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Publication numberUS3349535 A
Publication typeGrant
Publication dateOct 31, 1967
Filing dateApr 15, 1964
Priority dateApr 15, 1964
Publication numberUS 3349535 A, US 3349535A, US-A-3349535, US3349535 A, US3349535A
InventorsBalinski Henry A
Original AssigneeUnited States Gypsum Co
Export CitationBiBTeX, EndNote, RefMan
External Links: USPTO, USPTO Assignment, Espacenet
Structural member with an x configuration web
US 3349535 A
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Description  (OCR text may contain errors)

Oct 31 1967 A. mumsm TRUCTURAL MEMBER WITH AN X CONFIGURATION WEB 5 Filed April 15, 1964 2 Sheets-Sheet 1 STRUCTURAL MEMBER WITH AN X CONFIGURATION WEB I Filed April 15, 1964 2 Sheets-Sheet 2 United States Patent Office 3,349,535 STRUCTURAL MEMBER WITH AN X CONFIGURATION WEB Henry A. Balinski, Hoffman Estates, 111., assignor to United States Gypsum Company, Chicago, 111., a

corporation of Illinois Filed Apr. 15, 1964, Ser. No. 359,867 7 Claims. (Cl. 52634) This invention relates to structural members and particularly to beams r studs formed of sheet metal or like materials for use as components in constructing walls, ceilings, floors and roofs.

One particular use for this invention is in support members for interior building walls of wallboard construction. In such constructions, wallboard panels are often secured to metal studs by driving fasteners through the panels and into or through flange portions of the studs, for instance as disclosed in Nelsson et al. United States Patent No. 3,056,234. One problem encountered in such constructions is that of preventing the stud flange from being deflected away from the panel under the applied force necessary to cause penetration of the flange by the fastener. For instance, with a channel-type sheet metal stud now in common use, the flange tends to bend inwardly away from the wallboard as the fasteners are driven into contact with the flange. The leading ends or penetrating tips of the fasteners then tend to travel laterally over the flange surface until sufiicient pressure is exerted to cause the tips to penetrate the flange or the tips bypass the edge of the flange. This may even require the provision of some temporary lateral support for the flange while the fasteners are being started.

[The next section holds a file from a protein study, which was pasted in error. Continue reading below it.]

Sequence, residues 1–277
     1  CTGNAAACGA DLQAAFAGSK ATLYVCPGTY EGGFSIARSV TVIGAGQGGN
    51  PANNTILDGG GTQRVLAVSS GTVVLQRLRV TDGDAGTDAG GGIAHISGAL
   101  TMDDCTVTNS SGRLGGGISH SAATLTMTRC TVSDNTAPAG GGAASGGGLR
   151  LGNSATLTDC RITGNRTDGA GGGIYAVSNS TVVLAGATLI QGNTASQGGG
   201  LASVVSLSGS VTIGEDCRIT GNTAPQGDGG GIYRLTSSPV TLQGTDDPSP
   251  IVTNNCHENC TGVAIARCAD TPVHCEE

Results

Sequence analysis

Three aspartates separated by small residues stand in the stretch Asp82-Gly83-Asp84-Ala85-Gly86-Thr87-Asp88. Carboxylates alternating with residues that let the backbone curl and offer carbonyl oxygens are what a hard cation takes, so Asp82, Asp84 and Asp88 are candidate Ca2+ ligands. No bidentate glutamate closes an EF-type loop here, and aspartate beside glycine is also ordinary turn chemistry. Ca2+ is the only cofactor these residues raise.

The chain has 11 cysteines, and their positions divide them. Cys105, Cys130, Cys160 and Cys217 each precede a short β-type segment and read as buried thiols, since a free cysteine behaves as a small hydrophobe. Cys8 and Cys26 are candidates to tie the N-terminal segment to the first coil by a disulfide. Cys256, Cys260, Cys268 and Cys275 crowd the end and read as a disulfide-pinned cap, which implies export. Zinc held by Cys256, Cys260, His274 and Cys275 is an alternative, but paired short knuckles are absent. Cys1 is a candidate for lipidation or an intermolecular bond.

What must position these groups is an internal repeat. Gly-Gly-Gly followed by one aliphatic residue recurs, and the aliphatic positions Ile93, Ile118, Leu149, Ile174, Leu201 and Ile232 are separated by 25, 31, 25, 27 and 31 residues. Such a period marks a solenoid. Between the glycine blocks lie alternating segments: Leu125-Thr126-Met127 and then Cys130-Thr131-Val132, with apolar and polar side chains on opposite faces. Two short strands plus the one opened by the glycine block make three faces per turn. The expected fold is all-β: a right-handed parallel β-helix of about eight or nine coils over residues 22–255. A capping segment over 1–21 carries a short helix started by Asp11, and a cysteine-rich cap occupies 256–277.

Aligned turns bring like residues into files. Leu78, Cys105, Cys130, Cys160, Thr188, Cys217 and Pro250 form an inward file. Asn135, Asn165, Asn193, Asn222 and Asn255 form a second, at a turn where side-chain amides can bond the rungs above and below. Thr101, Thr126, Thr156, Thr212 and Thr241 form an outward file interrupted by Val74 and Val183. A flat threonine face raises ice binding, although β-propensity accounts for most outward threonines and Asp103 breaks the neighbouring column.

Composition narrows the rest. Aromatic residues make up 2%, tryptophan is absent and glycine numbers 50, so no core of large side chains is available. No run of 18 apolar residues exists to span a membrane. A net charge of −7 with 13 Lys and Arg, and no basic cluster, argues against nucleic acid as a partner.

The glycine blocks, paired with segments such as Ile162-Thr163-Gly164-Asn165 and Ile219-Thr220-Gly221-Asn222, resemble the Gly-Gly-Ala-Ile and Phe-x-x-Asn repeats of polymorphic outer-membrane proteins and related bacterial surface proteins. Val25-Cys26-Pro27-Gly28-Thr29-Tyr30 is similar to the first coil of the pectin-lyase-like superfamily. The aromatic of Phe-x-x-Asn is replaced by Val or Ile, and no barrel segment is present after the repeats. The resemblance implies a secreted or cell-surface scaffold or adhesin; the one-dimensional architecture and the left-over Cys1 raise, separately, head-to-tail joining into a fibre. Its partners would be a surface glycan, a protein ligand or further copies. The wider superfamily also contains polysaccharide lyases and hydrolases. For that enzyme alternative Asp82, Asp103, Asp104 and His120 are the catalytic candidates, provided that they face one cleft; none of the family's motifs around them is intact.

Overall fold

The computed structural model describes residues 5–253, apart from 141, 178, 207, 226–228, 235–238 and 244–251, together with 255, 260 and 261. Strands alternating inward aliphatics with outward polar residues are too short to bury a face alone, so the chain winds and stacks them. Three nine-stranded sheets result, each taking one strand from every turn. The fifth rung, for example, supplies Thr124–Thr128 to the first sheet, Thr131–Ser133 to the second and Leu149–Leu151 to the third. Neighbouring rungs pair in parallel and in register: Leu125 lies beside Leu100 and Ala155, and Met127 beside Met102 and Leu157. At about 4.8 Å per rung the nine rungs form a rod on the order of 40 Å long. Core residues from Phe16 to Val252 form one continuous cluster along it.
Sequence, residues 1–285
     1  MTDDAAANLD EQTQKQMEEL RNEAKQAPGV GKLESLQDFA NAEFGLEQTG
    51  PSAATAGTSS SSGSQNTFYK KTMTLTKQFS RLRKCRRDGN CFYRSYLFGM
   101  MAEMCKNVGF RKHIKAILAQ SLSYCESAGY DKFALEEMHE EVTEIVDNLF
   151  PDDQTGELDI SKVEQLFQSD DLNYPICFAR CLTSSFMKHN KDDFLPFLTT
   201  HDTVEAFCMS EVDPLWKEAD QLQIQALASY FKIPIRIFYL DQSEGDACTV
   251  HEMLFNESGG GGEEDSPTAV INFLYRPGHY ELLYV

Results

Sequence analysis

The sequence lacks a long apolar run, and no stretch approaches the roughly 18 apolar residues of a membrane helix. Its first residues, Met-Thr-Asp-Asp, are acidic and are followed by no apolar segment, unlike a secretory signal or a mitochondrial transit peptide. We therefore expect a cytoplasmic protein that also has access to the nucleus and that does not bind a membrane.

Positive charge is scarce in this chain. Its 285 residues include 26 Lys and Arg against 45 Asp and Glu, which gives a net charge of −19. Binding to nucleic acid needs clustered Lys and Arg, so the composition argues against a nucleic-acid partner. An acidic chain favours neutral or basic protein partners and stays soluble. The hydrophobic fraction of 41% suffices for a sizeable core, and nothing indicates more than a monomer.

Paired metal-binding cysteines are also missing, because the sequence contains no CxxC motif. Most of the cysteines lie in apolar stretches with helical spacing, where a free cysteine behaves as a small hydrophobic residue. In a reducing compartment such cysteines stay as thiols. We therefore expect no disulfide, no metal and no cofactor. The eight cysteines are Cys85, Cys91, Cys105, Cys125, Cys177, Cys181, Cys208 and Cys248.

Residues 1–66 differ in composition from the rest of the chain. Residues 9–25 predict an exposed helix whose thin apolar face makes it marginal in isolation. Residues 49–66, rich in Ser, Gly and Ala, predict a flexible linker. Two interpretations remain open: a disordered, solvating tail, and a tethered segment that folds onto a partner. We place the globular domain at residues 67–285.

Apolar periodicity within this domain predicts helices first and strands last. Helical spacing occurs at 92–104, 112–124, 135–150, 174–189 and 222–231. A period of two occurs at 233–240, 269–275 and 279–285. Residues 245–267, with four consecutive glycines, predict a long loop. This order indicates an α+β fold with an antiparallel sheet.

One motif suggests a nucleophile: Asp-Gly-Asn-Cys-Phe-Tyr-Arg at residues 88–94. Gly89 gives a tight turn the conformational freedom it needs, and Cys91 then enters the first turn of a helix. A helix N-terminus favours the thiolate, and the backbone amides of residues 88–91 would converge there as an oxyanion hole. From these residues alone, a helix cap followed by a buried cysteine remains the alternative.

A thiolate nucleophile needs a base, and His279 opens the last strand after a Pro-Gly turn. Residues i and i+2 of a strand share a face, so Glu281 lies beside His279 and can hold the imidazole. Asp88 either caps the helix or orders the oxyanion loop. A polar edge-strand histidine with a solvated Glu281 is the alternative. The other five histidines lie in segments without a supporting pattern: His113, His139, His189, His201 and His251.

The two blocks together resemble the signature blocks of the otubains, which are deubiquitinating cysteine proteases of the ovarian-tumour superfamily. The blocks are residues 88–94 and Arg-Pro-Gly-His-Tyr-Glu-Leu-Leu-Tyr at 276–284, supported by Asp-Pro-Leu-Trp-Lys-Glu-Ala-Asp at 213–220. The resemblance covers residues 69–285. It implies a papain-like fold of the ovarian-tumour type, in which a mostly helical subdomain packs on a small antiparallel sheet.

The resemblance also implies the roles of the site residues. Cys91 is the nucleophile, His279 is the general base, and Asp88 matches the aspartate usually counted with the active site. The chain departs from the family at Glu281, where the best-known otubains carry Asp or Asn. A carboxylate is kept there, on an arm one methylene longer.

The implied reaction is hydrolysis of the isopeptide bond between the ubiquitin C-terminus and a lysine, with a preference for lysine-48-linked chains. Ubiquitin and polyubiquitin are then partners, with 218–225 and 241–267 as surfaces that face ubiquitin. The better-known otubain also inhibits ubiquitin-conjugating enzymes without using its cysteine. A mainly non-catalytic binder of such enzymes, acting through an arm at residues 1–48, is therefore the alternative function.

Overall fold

The lateral travel of the fastener tips requires additional effort on the part of the applying artisan to force the tips through the flange and secure the fasteners, and may result in the fasteners being positioned at an angle to the surface of the wallboard. One end effect is to disturb or rnar the smooth surface of the wallboard, which is not conducive to providing a neat and clean surface for decoration as by painting or other finish application. To overcome these difficulties, it is desirable that a structural member be supplied for use as a studor similar supporting member and which will insure maintenance of the fastener receiving flange in position during application of fasteners thereto. The member must also provide good load bearing strength and be resistant to bending and twisting. Further, such structural elements should he designed so that they can be economically produced, for

instance, by utilizing a minimum amount of relatively lightweight sheet material and a minimum of manufacturing steps which should be simple and economical to perform.